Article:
Why a Simple Eye Test Can Save Your Life
Posted 4/12/2016 by UHBlog
If you’ve ever visited an eye doctor or purchased eye glasses, you’ve probably noticed the number of tests and procedures used to examine your eyes. But did you know that some of these exams can save your vision – and possibly your life?
According to ophthalmologist Douglas Rhee, MD, many eye and vision problems have no signs or symptoms, so you may not realize your deteriorating vision is linked to something more serious.
“Many eye and brain disorders have no warning signs,” he says. “In that sense, it’s like high blood pressure, which often doesn’t have obvious symptoms. But if high blood pressure is left untreated, it might make you susceptible to health problems, such as a stroke or heart attack.”
Visual impairments are on the rise, Dr. Rhee says, primarily because of the increase in the number of Americans turning 65 and older each year. With the maturing of Americans, the likelihood of developing eye conditions multiplies. Some of these eye diseases include:
- Age-related macular degeneration – This affects the macula – or the central part of the retina – which enables you to see fine details, such as those used during reading and driving
- Cataract – This is a clouding of the eye’s lens
- Diabetic retinopathy – This usually affects both eyes by progressively damaging the blood vessels of the retina, the light-sensitive tissue at the back of the eye that is necessary for good vision. It’s a common complication of diabetes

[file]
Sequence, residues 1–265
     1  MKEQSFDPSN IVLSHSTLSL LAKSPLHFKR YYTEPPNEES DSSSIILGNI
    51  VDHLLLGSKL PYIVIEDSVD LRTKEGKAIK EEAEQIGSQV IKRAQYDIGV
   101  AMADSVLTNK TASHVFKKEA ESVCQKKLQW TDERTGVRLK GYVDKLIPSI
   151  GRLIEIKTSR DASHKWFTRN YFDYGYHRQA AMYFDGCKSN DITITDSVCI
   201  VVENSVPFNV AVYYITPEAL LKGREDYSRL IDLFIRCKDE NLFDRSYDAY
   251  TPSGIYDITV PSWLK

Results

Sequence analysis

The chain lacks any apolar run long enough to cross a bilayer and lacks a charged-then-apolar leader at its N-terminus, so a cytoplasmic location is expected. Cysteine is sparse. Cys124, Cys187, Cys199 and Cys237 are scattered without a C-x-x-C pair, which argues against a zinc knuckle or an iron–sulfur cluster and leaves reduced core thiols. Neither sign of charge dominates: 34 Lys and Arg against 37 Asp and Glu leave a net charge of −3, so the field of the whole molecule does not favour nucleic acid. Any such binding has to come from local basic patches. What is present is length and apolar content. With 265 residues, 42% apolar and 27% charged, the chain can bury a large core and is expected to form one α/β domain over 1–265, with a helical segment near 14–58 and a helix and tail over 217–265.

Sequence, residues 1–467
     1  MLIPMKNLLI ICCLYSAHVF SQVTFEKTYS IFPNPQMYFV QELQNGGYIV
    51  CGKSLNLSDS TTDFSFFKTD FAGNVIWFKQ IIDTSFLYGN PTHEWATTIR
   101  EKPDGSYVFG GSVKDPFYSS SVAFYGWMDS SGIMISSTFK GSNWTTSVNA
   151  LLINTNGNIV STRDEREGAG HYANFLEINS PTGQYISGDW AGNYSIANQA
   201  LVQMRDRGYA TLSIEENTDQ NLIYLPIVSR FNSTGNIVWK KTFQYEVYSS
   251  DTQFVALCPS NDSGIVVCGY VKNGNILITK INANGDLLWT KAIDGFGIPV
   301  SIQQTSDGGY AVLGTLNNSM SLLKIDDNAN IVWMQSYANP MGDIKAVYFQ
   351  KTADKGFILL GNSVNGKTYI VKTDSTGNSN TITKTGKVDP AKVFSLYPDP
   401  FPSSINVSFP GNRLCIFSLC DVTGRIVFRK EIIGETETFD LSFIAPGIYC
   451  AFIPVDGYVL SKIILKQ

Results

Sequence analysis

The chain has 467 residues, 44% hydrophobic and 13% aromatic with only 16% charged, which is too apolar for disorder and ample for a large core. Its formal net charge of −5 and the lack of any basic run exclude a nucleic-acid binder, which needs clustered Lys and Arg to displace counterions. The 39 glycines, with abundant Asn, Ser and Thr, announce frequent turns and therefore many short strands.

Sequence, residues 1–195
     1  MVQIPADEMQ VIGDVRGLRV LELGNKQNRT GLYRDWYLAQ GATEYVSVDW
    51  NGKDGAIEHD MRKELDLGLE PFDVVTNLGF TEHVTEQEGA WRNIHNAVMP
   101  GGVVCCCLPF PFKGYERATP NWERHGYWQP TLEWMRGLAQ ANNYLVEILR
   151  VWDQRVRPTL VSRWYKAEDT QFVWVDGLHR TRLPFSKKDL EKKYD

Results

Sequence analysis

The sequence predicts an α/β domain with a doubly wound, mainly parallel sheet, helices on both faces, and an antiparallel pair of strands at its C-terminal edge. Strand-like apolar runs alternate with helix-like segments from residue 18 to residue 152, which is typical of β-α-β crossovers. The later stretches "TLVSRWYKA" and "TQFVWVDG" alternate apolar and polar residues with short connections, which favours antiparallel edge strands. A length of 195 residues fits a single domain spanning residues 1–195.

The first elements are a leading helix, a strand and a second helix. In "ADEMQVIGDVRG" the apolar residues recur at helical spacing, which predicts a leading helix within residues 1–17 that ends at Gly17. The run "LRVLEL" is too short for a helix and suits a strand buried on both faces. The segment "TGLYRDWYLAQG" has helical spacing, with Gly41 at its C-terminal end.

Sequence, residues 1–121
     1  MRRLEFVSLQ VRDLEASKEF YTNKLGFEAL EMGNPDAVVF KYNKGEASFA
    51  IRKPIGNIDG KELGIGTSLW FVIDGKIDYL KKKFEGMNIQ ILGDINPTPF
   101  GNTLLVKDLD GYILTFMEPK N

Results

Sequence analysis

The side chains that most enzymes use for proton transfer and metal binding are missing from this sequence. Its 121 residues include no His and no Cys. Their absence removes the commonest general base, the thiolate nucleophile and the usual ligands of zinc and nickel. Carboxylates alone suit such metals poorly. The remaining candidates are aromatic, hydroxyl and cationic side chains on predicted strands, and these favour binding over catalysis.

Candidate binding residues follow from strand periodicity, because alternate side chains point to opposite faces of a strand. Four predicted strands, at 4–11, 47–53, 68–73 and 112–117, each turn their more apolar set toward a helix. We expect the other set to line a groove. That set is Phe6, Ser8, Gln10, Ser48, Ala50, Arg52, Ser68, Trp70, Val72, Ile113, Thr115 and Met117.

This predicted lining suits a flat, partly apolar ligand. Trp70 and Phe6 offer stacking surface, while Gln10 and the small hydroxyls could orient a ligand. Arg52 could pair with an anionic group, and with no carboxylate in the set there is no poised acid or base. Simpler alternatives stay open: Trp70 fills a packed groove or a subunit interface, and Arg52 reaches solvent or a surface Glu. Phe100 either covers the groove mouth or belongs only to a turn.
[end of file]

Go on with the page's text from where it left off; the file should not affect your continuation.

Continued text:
- Glaucoma – Which is a group of diseases that can damage the eye’s optic nerve
- Ocular hypertension – This occurs when the pressure in your eyes is higher than normal, contributing to other complications
- Uncorrected refractive error – It’s a common eye disorder where the eye can’t clearly focus on images, resulting in blurred vision
Other times, deteriorating vision or vision loss is due to neurological problems, such as a brain tumor. A brain tumor’s symptoms might include blurred vision, double vision or loss of peripheral vision, causing you to think the problem is with your eyes. Read about a patient whose eye exam revealed a brain tumor.
If your doctor suspects a problem with your central and/or peripheral vision, you’ll probably undergo a visual field test.
“You rest your chin on a tray and while looking into an automated machine, you’re presented with flashes of light, representing specific patterns,” Dr. Rhee says. “You click a button each time you see the flashes.”
The visual field test takes about five minutes per eye. Plus, with this test, there is no need to dilate your eyes.
“The patterns of loss found through the visual field test can be indicative of numerous diseases, such as glaucoma,” Dr. Rhee says. “Glaucoma is very treatable, but it’s not curable. Even with the best of treatment, about 10 percent of people can still go blind.”
Additionally, a visual field test can help to detect other health conditions, such as:
- Brain tumors
- Various diseases of the optic nerve
- Strokes which affect the occipital lobe in the brain
“That's why it’s important to see your eye doctor regularly,” Dr. Rhee says. “It’s part of your preventative care, and will help to ensure you’re taking good care of yourself and your eyes.”
Douglas Rhee, MD is an ophthalmologist, chairman, Department of Ophthalmology and Visual Sciences, and director, Eye Institute, at University Hospitals Cleveland Medical Center. You can request an appointment with Dr. Rhee or any other University Hospitals doctor online.